Bad Choices, Part One

I always pick the best days to bike. Here’s the transcript of my IM with a cow orker this morning:

mdahmus: so today’s trip in was hellacious. first it starts drizzling hard RIGHT AFTER JEANNE LEAVES WITH MY CAR.
mdahmus: then I get to north loop and lamar and the bike won’t go.
mdahmus: I pull over and fuck with the brakes and make them very loose; still no go.
mdahmus: then I realized the back wheel had gone out of alignment and was rubbing on the bar.
mdahmus: so I try to fix the brakes back up and realize I can’t do it without pliers (can’t hold on to the little fuckity fuck fuck wire because too wet and greasy)
mdahmus: so I rode the rest of the way in with no back brakes; making the trip down far west JUST FANTABULOUS!
mdahmus: actually got passed by Guy on 2222 at 360; longest trip in ever. fuckin’ old brakes. AND YOU WONDER WHY MORE PEOPLE DON’T BIKE, MISTER SMARMY BIKE SHOP FUCKWAD.
mdahmus: that’s me angry.

The “smarmy bike shop fuckwad” refers to the helpful people at my no longer favorite bike shop (one I haven’t gone to in quite a while now) who failed to do anything about the “I can’t maintain my fuckin’ brakes because they’re such a pain in the ass; even though I’m already carrying around a wrench for the few brake things I can maintain” situation the last time I had the bike in because they couldn’t get the right parts, but “don’t worry, dude, they’re fine”.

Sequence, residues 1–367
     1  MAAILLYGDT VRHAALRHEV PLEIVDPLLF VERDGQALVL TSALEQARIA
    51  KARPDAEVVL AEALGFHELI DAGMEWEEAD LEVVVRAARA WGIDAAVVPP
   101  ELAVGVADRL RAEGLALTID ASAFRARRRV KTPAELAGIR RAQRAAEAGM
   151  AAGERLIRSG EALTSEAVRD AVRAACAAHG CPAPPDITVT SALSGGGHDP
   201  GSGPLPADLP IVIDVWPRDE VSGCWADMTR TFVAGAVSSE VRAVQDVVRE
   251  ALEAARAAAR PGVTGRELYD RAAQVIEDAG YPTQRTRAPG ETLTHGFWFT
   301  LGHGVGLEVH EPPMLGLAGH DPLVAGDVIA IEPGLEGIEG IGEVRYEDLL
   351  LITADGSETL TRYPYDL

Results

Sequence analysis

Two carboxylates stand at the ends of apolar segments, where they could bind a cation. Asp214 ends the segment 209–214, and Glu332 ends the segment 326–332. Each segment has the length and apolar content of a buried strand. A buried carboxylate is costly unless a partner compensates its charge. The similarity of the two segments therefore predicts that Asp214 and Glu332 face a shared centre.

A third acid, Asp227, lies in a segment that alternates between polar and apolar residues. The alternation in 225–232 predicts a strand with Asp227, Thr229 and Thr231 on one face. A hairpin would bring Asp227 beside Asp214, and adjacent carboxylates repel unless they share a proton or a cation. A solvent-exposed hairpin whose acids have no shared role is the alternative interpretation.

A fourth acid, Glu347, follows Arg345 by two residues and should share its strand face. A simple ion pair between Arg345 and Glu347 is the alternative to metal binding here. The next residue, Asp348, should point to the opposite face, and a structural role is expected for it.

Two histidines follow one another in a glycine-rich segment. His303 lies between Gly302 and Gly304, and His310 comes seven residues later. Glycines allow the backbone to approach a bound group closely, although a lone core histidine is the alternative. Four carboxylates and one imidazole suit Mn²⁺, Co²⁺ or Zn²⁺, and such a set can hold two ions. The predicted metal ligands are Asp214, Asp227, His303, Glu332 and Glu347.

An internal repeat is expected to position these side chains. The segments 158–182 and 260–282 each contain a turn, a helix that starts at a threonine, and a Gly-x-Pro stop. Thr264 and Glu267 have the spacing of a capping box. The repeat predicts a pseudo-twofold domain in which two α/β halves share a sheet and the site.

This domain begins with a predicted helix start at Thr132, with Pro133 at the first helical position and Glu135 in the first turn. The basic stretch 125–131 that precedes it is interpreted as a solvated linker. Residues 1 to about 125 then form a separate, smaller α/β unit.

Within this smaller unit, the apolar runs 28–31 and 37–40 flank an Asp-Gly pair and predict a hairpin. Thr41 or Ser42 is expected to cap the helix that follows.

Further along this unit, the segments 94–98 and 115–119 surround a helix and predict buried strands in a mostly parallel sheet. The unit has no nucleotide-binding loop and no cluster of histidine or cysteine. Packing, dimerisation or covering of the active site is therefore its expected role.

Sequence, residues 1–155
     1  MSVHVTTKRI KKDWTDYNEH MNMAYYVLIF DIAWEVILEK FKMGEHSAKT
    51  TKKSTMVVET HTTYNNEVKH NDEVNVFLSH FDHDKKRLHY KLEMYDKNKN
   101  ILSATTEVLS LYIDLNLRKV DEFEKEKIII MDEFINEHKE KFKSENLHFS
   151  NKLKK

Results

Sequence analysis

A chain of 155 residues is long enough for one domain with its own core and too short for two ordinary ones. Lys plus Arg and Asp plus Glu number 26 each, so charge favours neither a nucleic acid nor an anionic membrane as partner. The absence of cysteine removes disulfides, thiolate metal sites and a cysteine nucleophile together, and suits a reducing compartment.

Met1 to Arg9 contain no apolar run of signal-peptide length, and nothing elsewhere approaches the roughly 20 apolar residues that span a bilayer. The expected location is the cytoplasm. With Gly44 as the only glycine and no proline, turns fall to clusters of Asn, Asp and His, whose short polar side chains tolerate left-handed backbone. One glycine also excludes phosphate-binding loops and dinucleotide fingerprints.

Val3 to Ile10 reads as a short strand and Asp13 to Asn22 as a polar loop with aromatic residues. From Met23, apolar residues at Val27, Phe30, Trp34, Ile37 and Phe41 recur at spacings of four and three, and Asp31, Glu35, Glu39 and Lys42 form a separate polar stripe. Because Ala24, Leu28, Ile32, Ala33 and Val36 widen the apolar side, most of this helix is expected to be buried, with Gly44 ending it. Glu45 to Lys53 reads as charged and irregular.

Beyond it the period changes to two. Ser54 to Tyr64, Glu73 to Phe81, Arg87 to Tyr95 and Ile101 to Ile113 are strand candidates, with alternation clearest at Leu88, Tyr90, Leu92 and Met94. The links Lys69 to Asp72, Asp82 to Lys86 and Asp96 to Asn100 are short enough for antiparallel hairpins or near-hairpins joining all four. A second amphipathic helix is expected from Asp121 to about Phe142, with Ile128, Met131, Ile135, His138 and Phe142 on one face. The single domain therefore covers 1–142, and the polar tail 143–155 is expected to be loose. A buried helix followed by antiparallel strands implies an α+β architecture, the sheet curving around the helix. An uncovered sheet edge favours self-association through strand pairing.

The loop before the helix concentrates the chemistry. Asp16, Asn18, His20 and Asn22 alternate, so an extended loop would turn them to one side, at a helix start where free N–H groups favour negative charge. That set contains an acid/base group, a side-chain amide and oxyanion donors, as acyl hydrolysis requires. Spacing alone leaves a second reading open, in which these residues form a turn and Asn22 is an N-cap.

How well do you think a car would sell if every time it got a flat tire and you put the doughnut on, you had to redo your brakes? NOT VERY FUCKING WELL I THINK!

Bad Neighborhoods, Part One

Austin’s neighborhood Nazis are at it again. In an article about the current activities of the Envision Central Texas project, an inoffensively driven planning exercise which seeks to lay out in broad brushes whether people all over the place are really against sprawl or not; the Statesman wrote:

Austin neighborhood leaders also are worried the scenarios could hurt the character of their neighborhoods. Bryan King, president of the Austin Council of Neighborhoods, said the type of density envisioned for neighborhoods in Scenario D could be disastrous. “Any scenario that is chosen must respond to neighborhood plans,” King said. “The neighborhood plans come first. Envision Central Texas comes second.”

Back when I worked on the Old West Austin neighborhood plan; it was understood that this exercise was fundamentally a way for central-city neighborhoods to show where additional density should occur; not whether it should occur. And we took that responsibility seriously; advocating additional development (both commercial and residential) on the edges and in a few places in the interior of the neighborhood. Since then, every neighborhood of note in the city, including my new neighborhood in North University, has used this process to try to push all densification out to commercial arterials; and even there in absurdly limited terms. The same people who fought the Villas, a reasonable apartment complex right next to Guadalupe Street within walking distance of UT, are fighting future similarly smart infill projects throughout Austin’s central city. And all of these wankers drive cars with SoS stickers on them. Oh, the irony.

Dilweed in Paradise